Those allegations are contained in a notice of claim filed last week by Brandon Rifenburg. The document is the first step in a civil legal action. It names Deputy David Hughes, who allegedly fired two rounds into Rifenburg’s chest in the April 15 incident, as well as other individual officers as defendants. Police departments in Kingston, the Town of Ulster, Rosendale and Saugerties are also named as potential defendants, as are the West Hurley Fire Department and New York City Department of Environmental Protection.
According to police accounts, Rifenburg, 20, was shot at the conclusion of a wild chase that began on Route 213 in High Falls and ended when he lost control of his vehicle after trying to run a police car off the road on Route 28 in West Hurley. During the chase, police said, Rifenburg tore through the City of Kingston and portions of the towns of Kingston, Rosendale, Ulster and Saugerties, ignoring orders to stop, committing numerous traffic infractions and continuing his flight even after his tires were shredded by police spike strips. Rifenburg was targeted by cops responding to a 911 call of a vehicle stolen from a driveway on Route 213.
But the notice of claim filed by Poughkeepsie-based attorney John J. Ventosa with the firm Jonna Spilbor Law tells a different story. According to the document, Rifenburg lost control of his vehicle, ran off the road and overturned after Hughes rammed him in a “Police Intervention Tactic.” The document claims that Rifenburgh was still inside the overturned vehicle when Hughes approached and shot him. According to the notice, Rifenburg was unarmed and unresisting when he was shot. Ventosa also argued that the ramming and shooting occurred after Hughes and other officers had been ordered to break off the chase.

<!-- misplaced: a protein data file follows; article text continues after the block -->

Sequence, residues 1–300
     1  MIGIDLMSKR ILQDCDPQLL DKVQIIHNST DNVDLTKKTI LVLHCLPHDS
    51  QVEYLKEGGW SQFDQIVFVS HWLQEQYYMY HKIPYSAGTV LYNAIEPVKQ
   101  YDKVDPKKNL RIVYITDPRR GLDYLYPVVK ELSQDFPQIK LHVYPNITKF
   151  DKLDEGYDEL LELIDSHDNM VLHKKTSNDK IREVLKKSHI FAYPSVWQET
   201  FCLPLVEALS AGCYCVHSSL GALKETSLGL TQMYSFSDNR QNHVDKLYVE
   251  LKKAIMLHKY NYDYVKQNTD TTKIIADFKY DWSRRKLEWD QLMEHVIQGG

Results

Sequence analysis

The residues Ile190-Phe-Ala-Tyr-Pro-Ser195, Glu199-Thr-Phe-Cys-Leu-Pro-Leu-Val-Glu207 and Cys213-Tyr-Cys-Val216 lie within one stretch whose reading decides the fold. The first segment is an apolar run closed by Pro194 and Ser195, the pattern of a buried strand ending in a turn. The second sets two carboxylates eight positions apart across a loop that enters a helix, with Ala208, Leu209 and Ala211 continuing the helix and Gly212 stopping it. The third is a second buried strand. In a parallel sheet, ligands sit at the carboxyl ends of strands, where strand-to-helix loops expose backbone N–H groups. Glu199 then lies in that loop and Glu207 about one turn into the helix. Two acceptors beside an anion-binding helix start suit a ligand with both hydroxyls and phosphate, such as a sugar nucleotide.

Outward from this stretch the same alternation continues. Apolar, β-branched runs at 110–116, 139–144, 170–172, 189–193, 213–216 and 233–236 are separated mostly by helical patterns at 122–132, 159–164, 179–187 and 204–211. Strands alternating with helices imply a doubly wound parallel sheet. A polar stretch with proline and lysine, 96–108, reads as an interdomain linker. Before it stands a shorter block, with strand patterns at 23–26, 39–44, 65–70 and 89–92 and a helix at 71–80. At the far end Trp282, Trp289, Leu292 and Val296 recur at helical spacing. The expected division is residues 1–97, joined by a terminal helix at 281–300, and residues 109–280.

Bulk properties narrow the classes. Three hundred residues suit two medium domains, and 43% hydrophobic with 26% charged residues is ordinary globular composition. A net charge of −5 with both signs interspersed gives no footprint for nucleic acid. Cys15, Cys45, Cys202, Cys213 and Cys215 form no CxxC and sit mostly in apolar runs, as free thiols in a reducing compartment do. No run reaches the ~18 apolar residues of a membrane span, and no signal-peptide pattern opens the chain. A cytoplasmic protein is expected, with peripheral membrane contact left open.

The notice alleges that the conduct of Hughes and other officers in the chase constituted a major violation of Rifenburg’s constitutional rights. The document claims that officers not only used excessive force but failed to properly investigate the allegations against him before making an arrest. Rifenburg faces multiple felony charges stemming from the chase. In addition to false arrest, the notice alleges that Rifenburg suffered serious physical injuries and post traumatic stress disorder as well as libel and public ridicule stemming from police actions.
The allegations contained in the notice of claim are the first public, on-the-record comments on key aspects of the case. From the beginning, local police and prosecutors have remained close-mouthed about the details of the shooting. To date officials have declined to name Hughes as the deputy who fired the shots or comment on key elements of the case including whether Rifenburg was armed and whether he was shot inside or outside of his vehicle. The Kingston Times obtained Hughes’ name from a document filed by Ulster County District Attorney Holley Carnright requesting that he be recused from the investigation into the shooting. In the document, Carnright said that he had had dealings with a business owned by Hughes in the past. The investigation of Hughes’ actions was then turned over to the Orange County District Attorney’s Office, which, like Carnright, has declined to answer questions about the case.